As in the case of poultry, certain precautions need to be taken to guarantee satisfactory performance of stock on cassava meal diets. These include the removal of cyanide through boiling, drying, grating, soaking, fermentation, or a combination of these processes to produce final products containing not more than 100 ppm HCN, and the prevention of microbial activity during sun-drying, particularly in a humid environment. High cyanide levels and the presence of microorganisms have been demonstrated to reduce performance and prevent hematological changes of growing pigs fed on sun-dried cassava-based rations (Tewe 1982, 1984).
The protein deficiency of cassava also demands higher protein supplementation in such rations. Maust et al. (1972) have also demonstrated that cassava can affect mineral balance. resulting in parakeratosis in pigs which can be prevented by including zinc salts in the diet. Dustiness of cassava-based rations can be removed by adding molasses, suitable oils or by pelletizing to make the feed acceptable to pigs.
Table 4. Performance, nutrient utilization, and economy of production in layers fed varying dietary cassava peel levels
Cassava peel level (%)
|Cost of feed a|
|Weekly feed consumption/bird (kg)||0.80b||0.70c||0.74d||0.78b||0.84a|
|Weekly crude protein intake/bird (kg)||0.14a||0.13b||0.13b||0.13b||0.14a|
|Weekly cyanide intake/bird (mg)||0.00c||14.74d||28.32c||44.78b||63.92a|
|Average initial body weight (kg)||1.83||1.78||1.78||1.72||1.71|
|Weekly no. of eggs produced/bird||5.24a||4.92c||5.20a||5.05||4.70c|
|Average weight of egg produced (g)||54.89c||55.69b||52.94d||53.67d||56.79a|
|Feed consumption (g/g egg produced)||2.81c||2.90b||2.81c||2.93b||3.21a|
|Metabolizable energy (kcal/g)||3.09a||3.07a-||3.05a||3.09a||2.75b|
|Nitrogen retention (%)||58.48a||47.71a||47.53ab||45.48ab||39.19b|
|Weekly body weight gain (g)||0.012||0.009||0.010||0.004||0.005|
Notes: Values in the same row followed by the same letter(s) are not significantly different (P < 0.05)
a US$1.0 = Nigerian 2.6 (February 1987)
The cost of these feed supplementations need to be compared with those for maize in practical swine feeding. It is noteworthy that the EEC imports cassava chips from Thailand for incorporation at up to 40 percent into swine rations. Growing pigs fed on a diet containing 40 percent cassava peel and discarded small tubers have been observed to perform satisfactorily (Tewe and Oke 1983, Tewe at al. 1987). Indeed, pigs fed on such rations produced leaner carcasses and showed an economy of feed conversion as shown in table 5.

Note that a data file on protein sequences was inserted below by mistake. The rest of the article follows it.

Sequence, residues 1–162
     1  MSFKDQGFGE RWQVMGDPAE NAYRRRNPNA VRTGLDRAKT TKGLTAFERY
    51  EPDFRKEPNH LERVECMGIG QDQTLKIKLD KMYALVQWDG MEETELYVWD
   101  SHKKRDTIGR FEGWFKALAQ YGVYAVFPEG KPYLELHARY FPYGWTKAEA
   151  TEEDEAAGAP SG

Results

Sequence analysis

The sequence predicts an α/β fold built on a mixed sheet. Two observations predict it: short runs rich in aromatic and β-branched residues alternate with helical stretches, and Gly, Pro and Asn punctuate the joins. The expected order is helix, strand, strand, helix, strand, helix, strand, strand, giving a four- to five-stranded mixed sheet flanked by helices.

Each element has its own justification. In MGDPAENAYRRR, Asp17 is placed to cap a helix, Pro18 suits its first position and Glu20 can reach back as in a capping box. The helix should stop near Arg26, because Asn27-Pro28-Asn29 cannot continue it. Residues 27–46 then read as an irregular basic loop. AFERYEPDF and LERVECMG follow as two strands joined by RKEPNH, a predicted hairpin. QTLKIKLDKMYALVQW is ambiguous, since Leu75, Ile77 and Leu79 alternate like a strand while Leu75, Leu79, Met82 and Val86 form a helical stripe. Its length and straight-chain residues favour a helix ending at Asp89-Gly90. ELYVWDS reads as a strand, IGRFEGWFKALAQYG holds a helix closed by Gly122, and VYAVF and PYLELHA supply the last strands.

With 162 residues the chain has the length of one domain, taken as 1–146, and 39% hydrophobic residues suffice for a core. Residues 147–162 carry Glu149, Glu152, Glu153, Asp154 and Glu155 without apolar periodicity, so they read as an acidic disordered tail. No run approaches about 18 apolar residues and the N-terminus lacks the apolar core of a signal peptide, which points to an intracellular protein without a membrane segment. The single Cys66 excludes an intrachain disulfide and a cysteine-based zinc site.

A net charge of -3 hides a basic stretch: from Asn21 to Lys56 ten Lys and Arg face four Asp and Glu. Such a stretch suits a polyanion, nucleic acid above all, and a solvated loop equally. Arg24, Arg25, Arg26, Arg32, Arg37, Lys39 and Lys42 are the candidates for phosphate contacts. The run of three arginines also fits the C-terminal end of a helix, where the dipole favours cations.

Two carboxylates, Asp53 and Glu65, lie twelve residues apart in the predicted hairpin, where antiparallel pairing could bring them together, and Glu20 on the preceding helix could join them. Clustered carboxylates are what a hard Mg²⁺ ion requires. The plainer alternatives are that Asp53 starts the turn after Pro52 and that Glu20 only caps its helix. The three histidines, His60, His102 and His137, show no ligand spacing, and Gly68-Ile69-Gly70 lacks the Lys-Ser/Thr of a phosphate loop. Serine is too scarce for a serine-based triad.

Apart from dried cassava, pigs can also be fed with fresh cassava tuberous roots, as is commonly practiced in small- and medium-scale pig farming enterprises in Nigeria. Such pig farmers usually depend on the cassava grown on their farm or sometimes supplement their cassava supplies with those purchased from neighboring farmers. Chopped cassava tuberous roots, either fresh or parboiled, are fed to the pigs but the death of many young pigs has been reported, caused by cyanide toxicity in fresh cassava tuberous roots. To overcome this problem, some of the farmers now sun-dry the grated cassava tuberous roots, with or without fermentation, before feeding them to pigs.
In yet another group of farmers, the cassava peel together with discarded unwholesome tubers are chopped, sun-dried and mixed with concentrates to feed pigs. Therefore, inspite of considerable research efforts in Nigeria to formulate appropriate diets for feeding pigs, there has not been a uniform method for utilizing cassava as feed to meet the specific nutrient requirements of pigs at different ages and phases of commercial pig production.
Table 5. Cassava peel in growing pig rations: effects on performance, carcass characteristics and economy of production
Experiment I: Cassava peel level (%)
Experiment II: Cassava peel level (%)
|Daily weight gain (kg)||0.41||0.38||0.39||0.40||0.49||0.53|
|Daily feed intake (kg)||1.45||1.45||1.46||1.60||1.35||1.31|
|Percentage lean cut||64.52||55.42||66.94||64.84||66.9||64.5|
|Percent trimmed fat||10.69a||10.44a||9.29b||9.63ab||16.0||16.6|
|Gross gain/feed cost a||132.5||129.2||149.2||145.7||162.0||191.0|
Source: Experiment I: Tewe and Oke (1983); Experiment II: Tewe et al. (1986)
Notes: Means without common letter(s) on horizontal rows are significantly different (P < 0.05)
a US$ 1.0= 2.6 (February 1987)
The use of cassava in commercial pig and poultry feeding in Nigeria has been limited by many factors. The conservative attitude of feed millers to the use of locally available alternatives is now changing gradually. However, there is a lack of proper technology to produce cassava products of guaranteed quality that will meet the nutritional needs of these fast growing monogastric livestock for satisfactory productivity in commercial farms. There is need to obtain products with well defined standards in the following:
· Nutrient levels: energy, protein, fibre and mineral levels;
· Levels of anti-nutritional factors: hydrocyanic acid, phytates and oxalates;
· Microbial counts: levels of Aspergillus and Eschericia species;
· Levels of other contaminants: those introduced during the drying process;
· Moisture contents.
High moisture levels predispose cassava products to spoilage during processing, therefore, the construction of drying facilities that can be utilized in rural areas should be considered so that the processing can be carried out near farm sites. During the dry season, cassava can also be sun-dried.
Another mayor constraint is the economics of feed production when cassava tuberous roots are incorporated into finished livestock feeds. At present, one ton of cassava tuberous roots costs about 500 in the open market, giving an estimate of one ton of dry cassava flour at about 1500 (US$1.0 = 2.6, 1987). Dried cassava contains about 7% crude protein compared to 10% in maize, therefore an additional 80 kg of protein must be added from a protein concentrate such as groundnut cake or soybean meal to produce a suitable feed. This will cost an additional 240. The present cost of maize is about 1500 per ton, therefore, cassava does not appear to be an economically attractive substitute for maize. To reduce the cost of cassava products, cassava leaf meal can be incorporated instead of the more expensive oil seed cakes to increase the protein content of the feed. However, one sure way to encourage the use of cassava tuberous roots in livestock feeding is to exploit its agronomic potential which can ensure the production of cassava tuberous roots in excess of the needs for human food so that the extra tubers can be used along with cassava peel and leaves to reduce the cost of finished commercial poultry and pig rations.